UH Cancer Center studies ways to reduce abdominal fat to lower cancer risk

May 23, 2022

A new diet study led by University of Hawaiʻi Cancer Center researchers, Loïc Le Marchand, MD, PhD, and Carol Boushey, PhD, MPH, RD, called The Healthy Diet and Lifestyle Study II, is investigating if specific changes in dietary habits, along with a regular physical activity plan, can affect the amount of fat stored in your abdomen and the rest of the body to reduce disease risk.

In the first Healthy Diet and Lifestyle Study, researchers developed an intermittent energy restriction diet and showed its potential for reducing intra-abdominal fat (“visceral fat”) and modifying the gut microbiome—the group of microorganisms that normally lives in our large bowel—to be healthier. This new study is an expanded, 24-week, randomized trial to compare two different energy restrictive diets to reduce intra-abdominal and total body fat, and potentially reduce risks of certain chronic diseases related to being overweight or obese.

This study aims to test the difference between two approaches to energy (calorie) restriction, assess participants' adherence to the diets, and whether either diet helps to reduce the fat wrapped around the internal abdominal organs. It also looks at the effect of these diets on the gut microbiome.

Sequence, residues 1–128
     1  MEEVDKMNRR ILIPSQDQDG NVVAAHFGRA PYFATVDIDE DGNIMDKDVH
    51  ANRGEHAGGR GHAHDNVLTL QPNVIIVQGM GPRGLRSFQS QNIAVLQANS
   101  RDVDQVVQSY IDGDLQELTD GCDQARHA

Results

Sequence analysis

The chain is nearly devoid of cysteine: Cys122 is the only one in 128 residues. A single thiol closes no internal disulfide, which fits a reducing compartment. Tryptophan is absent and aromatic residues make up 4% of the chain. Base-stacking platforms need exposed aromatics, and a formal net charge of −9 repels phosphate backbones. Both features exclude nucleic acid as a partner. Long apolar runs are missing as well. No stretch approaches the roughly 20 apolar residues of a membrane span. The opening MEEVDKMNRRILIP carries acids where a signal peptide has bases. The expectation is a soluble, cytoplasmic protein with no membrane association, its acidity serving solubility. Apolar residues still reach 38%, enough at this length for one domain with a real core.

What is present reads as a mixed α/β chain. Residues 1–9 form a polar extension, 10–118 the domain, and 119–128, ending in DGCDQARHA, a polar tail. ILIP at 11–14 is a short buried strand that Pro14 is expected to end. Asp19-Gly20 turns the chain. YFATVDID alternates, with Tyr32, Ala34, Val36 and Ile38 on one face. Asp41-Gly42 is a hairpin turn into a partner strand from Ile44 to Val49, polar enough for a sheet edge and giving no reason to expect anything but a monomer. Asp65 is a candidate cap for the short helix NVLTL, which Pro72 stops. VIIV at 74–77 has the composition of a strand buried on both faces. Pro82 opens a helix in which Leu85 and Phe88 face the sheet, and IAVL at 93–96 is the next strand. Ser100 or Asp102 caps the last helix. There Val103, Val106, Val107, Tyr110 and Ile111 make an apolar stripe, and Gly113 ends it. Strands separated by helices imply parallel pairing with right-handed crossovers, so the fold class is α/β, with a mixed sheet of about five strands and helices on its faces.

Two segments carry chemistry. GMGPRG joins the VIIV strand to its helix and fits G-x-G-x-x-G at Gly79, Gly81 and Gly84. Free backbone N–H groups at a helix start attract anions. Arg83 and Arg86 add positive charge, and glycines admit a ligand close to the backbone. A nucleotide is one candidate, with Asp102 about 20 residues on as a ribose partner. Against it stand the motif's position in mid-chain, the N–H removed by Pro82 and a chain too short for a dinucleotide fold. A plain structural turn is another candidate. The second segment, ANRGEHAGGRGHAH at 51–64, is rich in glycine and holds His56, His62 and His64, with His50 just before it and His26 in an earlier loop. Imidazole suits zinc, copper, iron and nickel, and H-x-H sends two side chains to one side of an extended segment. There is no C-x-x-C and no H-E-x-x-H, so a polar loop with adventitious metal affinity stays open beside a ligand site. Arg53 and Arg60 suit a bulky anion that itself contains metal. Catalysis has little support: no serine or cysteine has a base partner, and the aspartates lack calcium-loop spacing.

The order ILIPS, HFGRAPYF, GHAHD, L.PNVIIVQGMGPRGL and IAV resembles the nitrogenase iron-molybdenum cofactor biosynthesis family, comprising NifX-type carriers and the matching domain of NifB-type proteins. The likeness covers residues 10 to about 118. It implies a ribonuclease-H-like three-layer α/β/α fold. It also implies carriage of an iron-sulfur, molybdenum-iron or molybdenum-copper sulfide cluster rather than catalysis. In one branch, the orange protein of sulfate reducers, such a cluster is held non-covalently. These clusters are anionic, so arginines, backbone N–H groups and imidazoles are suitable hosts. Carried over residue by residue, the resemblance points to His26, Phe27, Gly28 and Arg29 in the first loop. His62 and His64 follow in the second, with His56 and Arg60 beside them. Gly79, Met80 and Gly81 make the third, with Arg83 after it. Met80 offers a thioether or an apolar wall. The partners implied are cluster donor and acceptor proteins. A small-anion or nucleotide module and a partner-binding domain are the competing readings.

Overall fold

Participants will be randomly assigned to either energy restrictive, health-promoting diets and asked to follow their diet for 24 weeks under the supervision of a dietitian. Both groups will be asked to follow an exercise plan and use the study’s mobile phone app to take photos of their foods on specific days. Body measurements, including measurements of body fat, will be taken at three time points and six-month after study completion by trained clinic staff.

Men and women residents of Oʻahu, ages 35–69, who are overweight or obese, have not smoked in the past two years, and are of Japanese, Chinese, Filipino, Korean, Native Hawaiian, Pacific Islander, or European White ancestry may be eligible to participate in this study.

“This study offers Oʻahu residents an opportunity to lose some weight and get in shape under the guidance of an experienced team of dietitians specially trained for the study” said Boushey.

Findings from this study will provide researchers information on which diet is better at reducing intra-abdominal fat and total body fat and whether the gut microbiome plays a role. This information may provide an approach to reducing risk of chronic diseases related to excessive weight gain during adulthood.

For more information about the study, call (808) 237-3901 or email This email address is being protected from spambots. You need JavaScript enabled to view it..